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Abstract

Nitric Oxide and eNOS Gene in Essential Hypertension

Background: Currently hypertension grips around 25% of the entire world population. More than 90% of the hypertensive patients suffer from essential hypertension. In Asian Indians hypertension is the predominant risk factor for Coronary Artery Disease among others. Nitric Oxide (NO) is synonymous with endothelial derived relaxation factor. Acting via cGMP (cyclic guanosine monophosphate) it causes smooth muscle relaxation, prevents platelet aggregation and acts as an anti-inflammatory agent. iNOS (inducible Nitric oxide synthase), nNOS(neuronal nitric oxide synthase) and eNOS (endothelial nitric oxide synthase) are the three enzymes producing the gas nitric oxide in the human body. eNOS is the main source of NO under physiological conditions. It is known to have a number of polymorphisms. The most well known ones being the G to T polymorphism in exon 7, the T to C polymorphism in the promoter region and the a/b polymorphism in the intron 4. While the G to T polymorphism has been associated with hypertension in many races including the north Indian population, the association of other polymorphisms has been more of a controversy. Not much study has been done on the Asians especially those in India regarding these polymorphisms.

Aims: To elucidate the association between the intron4a/b polymorphism in the eNOS gene and nitric oxide levels and essential hypertension.

Objectives: 1. To determine the genotype frequencies of the above mentioned polymorphism in patients and controls 2. To study the levels of NO in the plasma of the patients and controls 3. To find out correlation if any between this polymorphism and plasma NO levels 4. To find a correlation if any between this polymorphism and essential hypertension

Materials and Methods: The study design was a case control study. 10 ml of venous blood was taken from 45 patients (selected from the department of Cardiology All India Institute of Medical Sciences, ages between 25 to 55 yrs and not on any antihypertensive medications) and controls (healthy volunteers with normal blood pressure, ages between 25 to 55 yrs, not on antihypertensive treatment, not having any diabetes mellitus or endocrine disorder or any acute illness and responding to a publicized call. It was separated into plasma and packed cells. The alleles were identified by method of Wang et al with slight modification using PCR and Agarose Gel electrophoresis with 2.7% agarose. The nitric oxide was measured using levels of the surrogate marker, nitrite by the simple and economical method of Ding et al using Griess reagent. The Data was analyzed using SPSS software. The level of significance was fixed at p<0.05.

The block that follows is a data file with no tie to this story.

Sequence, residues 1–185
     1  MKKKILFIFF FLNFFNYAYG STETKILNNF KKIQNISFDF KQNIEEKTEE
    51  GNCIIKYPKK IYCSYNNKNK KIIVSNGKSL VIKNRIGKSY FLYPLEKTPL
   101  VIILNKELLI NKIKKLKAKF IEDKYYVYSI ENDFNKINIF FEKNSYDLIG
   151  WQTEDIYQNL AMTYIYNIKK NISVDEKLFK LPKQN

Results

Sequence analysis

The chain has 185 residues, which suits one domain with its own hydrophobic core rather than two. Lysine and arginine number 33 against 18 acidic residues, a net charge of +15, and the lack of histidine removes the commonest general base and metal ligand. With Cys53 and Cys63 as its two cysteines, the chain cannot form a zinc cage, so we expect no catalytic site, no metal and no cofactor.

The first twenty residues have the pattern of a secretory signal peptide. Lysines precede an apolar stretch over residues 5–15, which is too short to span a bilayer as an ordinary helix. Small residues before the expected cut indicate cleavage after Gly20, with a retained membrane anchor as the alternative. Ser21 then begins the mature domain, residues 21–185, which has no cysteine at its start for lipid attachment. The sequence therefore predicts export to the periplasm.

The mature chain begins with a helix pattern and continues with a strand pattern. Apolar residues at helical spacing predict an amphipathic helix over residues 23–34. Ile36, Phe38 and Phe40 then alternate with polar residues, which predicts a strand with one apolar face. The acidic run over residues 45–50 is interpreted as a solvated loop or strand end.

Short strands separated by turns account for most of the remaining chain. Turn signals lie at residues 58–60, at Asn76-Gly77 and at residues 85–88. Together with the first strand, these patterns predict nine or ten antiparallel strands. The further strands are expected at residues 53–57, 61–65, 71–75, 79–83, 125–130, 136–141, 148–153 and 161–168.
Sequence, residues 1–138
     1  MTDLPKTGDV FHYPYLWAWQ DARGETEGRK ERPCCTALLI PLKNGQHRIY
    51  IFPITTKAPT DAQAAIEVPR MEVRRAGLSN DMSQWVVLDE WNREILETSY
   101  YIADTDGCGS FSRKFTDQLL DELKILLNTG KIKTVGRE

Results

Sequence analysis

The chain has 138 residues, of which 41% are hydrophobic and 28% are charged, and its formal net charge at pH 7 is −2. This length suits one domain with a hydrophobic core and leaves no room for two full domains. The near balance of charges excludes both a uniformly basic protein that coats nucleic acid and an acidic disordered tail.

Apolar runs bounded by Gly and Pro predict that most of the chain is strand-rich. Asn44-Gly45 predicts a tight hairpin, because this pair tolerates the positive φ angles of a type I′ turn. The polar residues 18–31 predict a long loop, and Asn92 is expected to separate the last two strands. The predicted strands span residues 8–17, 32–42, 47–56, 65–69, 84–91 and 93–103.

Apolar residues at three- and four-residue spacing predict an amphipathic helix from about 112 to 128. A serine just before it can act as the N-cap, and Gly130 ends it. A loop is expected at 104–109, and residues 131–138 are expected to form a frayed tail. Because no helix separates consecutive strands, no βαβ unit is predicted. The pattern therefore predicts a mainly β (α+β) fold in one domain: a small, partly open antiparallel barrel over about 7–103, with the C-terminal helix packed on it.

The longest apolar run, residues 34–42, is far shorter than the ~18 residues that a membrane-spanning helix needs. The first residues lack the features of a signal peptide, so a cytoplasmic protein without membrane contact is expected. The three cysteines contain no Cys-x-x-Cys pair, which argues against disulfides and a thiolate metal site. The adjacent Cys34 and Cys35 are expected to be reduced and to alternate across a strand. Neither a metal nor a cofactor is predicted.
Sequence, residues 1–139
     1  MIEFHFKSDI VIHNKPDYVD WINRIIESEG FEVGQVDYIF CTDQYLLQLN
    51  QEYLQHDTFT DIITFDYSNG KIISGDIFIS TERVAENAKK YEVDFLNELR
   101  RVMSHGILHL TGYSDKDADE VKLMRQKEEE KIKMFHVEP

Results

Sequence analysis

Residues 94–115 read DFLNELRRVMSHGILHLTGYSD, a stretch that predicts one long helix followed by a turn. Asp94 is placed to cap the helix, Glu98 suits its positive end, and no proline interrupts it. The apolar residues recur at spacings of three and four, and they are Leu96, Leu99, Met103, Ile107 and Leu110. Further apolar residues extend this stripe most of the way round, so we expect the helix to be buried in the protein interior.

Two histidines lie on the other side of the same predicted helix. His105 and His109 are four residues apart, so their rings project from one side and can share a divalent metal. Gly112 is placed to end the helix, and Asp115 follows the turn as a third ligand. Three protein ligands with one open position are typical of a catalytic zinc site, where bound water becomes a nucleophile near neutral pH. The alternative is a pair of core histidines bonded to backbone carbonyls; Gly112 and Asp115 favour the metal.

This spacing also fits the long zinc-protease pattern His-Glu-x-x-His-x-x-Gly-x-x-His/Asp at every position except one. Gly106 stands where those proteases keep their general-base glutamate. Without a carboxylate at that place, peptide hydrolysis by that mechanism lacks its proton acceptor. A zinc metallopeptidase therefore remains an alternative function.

Results/Findings: The patient and control populations were found to be in Hardy Weinberg equilibrium [p value (patient)= 0.05, p value(control) >0.05] . The mean level of nitric oxide in the patients was found to be 42% less than that of the controls. The majority of patients (76%) had plasma nitrite levels below 5uM. On the other hand a majority of controls (64%) had plasma nitrite levels more than or equal to 5uM. The fraction of patients with nitrite levels below 5uM (76%) was more than double that of the controls (34%). The patients were equally distributed between the lower two groups. The controls however showed two peaks the higher one being that of greater than 7uM. There was no significant difference (p value= 0.79) in the genotype distribution between patients and controls. There was also no significant difference between in the levels of nitrite between ab and bb genotypes in both patients and controls. Conclusion: The levels of nitrite were found to differ significantly between patients and controls. Although no statistically significant correlation could be found in the present study a trend towards higher frequency of a allele could be envisaged among the patients of essential hypertension. A detailed study with a larger sample size is needed to establish or refute the role of this polymorphism in essential hypertension in the Indian population


Author(s): Shubhangi Arora, Nibhriti Das, Kamna Srivastava

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